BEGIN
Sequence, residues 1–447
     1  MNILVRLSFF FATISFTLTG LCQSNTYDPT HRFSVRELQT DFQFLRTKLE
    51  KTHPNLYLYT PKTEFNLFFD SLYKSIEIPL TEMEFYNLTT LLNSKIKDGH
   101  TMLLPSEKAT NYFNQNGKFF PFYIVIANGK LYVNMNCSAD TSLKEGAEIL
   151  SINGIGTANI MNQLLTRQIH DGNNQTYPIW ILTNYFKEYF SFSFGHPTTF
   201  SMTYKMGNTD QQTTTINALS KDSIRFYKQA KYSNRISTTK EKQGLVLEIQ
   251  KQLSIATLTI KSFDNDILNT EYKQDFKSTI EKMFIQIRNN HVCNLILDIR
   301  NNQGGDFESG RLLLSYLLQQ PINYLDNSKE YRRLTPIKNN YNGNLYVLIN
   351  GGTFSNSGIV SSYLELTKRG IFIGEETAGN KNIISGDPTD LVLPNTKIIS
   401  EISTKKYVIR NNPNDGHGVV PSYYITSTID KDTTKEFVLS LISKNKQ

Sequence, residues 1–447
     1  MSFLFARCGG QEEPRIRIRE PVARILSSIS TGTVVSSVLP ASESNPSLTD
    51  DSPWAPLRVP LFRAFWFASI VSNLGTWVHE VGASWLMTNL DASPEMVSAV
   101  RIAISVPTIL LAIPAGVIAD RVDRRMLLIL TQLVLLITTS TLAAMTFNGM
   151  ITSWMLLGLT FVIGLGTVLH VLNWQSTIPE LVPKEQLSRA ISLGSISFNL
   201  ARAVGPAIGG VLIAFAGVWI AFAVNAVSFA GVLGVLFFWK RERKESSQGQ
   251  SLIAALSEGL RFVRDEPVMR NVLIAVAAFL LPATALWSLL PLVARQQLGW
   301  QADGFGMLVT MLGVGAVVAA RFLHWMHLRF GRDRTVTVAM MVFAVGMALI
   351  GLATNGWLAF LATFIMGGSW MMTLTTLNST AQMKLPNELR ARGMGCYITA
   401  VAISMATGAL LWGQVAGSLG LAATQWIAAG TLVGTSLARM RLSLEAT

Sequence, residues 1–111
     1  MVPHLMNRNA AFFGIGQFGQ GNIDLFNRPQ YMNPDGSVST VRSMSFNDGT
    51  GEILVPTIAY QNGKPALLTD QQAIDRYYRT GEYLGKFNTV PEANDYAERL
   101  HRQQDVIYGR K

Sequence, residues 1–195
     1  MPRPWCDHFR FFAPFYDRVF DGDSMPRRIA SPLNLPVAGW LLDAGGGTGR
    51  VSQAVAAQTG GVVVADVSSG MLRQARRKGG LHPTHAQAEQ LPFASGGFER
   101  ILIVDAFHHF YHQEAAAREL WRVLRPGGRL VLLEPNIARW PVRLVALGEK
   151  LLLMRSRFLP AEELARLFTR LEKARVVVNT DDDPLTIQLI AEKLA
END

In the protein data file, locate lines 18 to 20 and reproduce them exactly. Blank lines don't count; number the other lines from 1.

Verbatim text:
   301  QADGFGMLVT MLGVGAVVAA RFLHWMHLRF GRDRTVTVAM MVFAVGMALI
   351  GLATNGWLAF LATFIMGGSW MMTLTTLNST AQMKLPNELR ARGMGCYITA
   401  VAISMATGAL LWGQVAGSLG LAATQWIAAG TLVGTSLARM RLSLEAT